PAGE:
The initial concept was created in 2012 as an i8 test mule. This was before Toyota and BMW inked a partnership for alternative fuel options in the same year. Using many of the components you’d find on the i8 today, the hydrogen prototype is light, and has an estimated range of 300 miles while storing hydrogen at 350-bar pressure.
As for performance—it’s able to put out a little more oomph than its Toyota Mirai counterpart. Output sits at 268-horsepower and 0-60 mph is managed in around six seconds. Flat out, you’ll be able to get this BMW up to 124 mph, which isn’t bad for a hydrogen fuel cell car.
While performance may not be a huge selling point for enthusiasts, efficiency is. The fuel cell delivers zero emissions, while returning the aforementioned 300 mile range. Refueling only takes about five minutes, too—if you can find service station. Infrastructure for hydrogen vehicles continues to be a challenge as automakers bring these eco-friendly vehicles to market.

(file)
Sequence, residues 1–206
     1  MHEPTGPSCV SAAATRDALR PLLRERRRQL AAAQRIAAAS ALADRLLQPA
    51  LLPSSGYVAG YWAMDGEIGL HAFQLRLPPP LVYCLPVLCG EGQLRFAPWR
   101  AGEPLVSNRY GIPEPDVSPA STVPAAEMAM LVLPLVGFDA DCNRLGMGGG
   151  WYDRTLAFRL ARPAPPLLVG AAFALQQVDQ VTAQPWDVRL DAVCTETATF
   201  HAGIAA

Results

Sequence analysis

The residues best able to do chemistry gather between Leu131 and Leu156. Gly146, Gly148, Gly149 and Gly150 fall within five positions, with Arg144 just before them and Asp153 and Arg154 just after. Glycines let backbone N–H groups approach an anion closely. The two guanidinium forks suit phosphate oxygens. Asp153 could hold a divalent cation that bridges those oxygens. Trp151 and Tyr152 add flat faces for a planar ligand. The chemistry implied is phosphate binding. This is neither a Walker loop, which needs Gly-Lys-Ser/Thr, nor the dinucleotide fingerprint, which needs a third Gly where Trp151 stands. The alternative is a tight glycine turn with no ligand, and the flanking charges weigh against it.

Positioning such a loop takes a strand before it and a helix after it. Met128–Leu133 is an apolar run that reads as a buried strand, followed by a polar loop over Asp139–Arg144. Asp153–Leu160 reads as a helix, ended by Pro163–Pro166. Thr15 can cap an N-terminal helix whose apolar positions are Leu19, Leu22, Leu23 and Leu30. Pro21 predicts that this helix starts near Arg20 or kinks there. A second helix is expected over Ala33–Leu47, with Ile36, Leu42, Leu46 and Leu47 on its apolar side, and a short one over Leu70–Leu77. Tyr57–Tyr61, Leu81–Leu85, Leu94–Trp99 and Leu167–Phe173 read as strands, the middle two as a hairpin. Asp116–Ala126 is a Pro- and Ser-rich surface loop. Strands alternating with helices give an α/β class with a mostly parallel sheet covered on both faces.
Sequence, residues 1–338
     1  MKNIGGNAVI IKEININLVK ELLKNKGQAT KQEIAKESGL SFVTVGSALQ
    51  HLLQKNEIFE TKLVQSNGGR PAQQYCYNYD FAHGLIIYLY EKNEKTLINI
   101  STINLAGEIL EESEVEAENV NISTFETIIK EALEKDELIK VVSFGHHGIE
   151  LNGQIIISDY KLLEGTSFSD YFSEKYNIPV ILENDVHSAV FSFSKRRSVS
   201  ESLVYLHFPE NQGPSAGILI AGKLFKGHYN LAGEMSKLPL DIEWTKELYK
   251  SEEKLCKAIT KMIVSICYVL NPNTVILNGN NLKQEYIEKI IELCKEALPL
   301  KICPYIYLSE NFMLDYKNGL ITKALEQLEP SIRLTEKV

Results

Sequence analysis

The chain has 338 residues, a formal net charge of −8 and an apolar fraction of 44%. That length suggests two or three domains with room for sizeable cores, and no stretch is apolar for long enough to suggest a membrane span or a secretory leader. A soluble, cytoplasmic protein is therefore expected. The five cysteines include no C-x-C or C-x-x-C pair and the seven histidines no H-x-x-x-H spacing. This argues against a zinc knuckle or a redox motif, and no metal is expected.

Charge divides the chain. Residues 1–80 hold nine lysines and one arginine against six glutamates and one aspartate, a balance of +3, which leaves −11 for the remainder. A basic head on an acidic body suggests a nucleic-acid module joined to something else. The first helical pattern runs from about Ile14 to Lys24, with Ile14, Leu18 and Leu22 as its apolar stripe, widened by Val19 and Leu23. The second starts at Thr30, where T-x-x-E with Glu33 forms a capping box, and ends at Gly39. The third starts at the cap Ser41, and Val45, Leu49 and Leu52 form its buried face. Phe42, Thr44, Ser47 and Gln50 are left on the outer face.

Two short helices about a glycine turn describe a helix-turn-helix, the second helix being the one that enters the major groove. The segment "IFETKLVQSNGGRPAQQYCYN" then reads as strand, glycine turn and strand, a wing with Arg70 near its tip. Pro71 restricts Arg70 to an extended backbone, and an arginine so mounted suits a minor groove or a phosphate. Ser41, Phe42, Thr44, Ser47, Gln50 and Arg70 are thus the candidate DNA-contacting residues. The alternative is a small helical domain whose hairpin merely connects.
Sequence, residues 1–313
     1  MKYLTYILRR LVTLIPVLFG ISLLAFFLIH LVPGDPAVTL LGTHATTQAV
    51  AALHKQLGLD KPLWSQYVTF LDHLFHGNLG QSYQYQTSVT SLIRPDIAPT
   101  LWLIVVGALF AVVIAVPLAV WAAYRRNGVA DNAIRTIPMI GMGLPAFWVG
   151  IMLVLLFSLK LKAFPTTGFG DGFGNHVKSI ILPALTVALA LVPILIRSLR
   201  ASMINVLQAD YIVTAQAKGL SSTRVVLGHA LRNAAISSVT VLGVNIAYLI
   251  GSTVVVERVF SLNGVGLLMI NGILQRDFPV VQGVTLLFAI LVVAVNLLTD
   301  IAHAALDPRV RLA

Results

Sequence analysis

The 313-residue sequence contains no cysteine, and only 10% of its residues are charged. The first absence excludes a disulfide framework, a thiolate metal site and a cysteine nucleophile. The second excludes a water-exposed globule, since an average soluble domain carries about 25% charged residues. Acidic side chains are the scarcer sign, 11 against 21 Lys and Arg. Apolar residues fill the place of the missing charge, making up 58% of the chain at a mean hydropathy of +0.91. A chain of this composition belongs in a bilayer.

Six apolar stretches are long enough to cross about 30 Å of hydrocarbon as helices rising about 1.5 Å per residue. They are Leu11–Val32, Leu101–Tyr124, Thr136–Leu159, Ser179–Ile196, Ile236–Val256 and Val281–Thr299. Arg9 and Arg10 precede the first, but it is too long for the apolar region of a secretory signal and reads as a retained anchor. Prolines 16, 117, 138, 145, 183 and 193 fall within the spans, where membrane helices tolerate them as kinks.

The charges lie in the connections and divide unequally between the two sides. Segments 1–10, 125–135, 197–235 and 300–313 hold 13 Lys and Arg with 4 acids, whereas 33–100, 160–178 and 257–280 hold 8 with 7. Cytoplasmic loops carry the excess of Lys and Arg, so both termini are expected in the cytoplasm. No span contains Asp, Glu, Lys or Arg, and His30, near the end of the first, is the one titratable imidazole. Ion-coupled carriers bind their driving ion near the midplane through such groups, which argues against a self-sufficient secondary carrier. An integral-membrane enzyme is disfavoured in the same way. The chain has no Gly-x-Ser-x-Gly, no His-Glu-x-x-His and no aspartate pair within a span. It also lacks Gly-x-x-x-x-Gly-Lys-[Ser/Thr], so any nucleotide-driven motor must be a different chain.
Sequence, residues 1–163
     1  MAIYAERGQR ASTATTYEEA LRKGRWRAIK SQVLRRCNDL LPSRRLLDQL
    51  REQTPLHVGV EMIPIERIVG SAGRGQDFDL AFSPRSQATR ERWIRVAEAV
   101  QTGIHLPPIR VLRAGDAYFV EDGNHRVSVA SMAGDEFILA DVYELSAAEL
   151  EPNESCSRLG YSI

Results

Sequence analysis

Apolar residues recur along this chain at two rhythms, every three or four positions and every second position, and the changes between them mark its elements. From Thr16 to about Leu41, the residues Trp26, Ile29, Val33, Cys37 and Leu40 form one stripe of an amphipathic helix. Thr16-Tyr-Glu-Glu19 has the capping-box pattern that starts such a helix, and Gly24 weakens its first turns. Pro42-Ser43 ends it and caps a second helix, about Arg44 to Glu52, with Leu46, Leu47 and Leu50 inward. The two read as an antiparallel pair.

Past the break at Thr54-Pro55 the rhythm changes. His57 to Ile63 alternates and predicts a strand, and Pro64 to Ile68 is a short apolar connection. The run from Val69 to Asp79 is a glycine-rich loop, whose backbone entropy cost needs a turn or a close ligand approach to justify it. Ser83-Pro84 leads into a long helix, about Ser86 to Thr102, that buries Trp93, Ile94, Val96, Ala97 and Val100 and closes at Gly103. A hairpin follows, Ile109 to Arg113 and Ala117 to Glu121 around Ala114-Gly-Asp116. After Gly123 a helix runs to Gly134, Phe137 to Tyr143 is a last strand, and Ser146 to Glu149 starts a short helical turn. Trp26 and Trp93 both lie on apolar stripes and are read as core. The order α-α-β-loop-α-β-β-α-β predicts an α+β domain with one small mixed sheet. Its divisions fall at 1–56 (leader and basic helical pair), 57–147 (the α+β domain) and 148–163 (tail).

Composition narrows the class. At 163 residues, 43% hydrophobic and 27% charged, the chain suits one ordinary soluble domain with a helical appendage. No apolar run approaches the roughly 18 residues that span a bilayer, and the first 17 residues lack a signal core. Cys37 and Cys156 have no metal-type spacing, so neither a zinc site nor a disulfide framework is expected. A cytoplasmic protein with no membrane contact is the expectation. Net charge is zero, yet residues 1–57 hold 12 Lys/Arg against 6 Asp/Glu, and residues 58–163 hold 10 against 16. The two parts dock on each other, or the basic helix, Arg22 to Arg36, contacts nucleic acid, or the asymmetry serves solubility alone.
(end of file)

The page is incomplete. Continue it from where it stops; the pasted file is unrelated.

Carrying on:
Right now, the i8 hydrogen fuel cell concept is just that, a concept. BMW admits that we’ll likely see a more mainstream fuel cell vehicle—something like the 5 Series—before we see a high-performance hydrogen i8.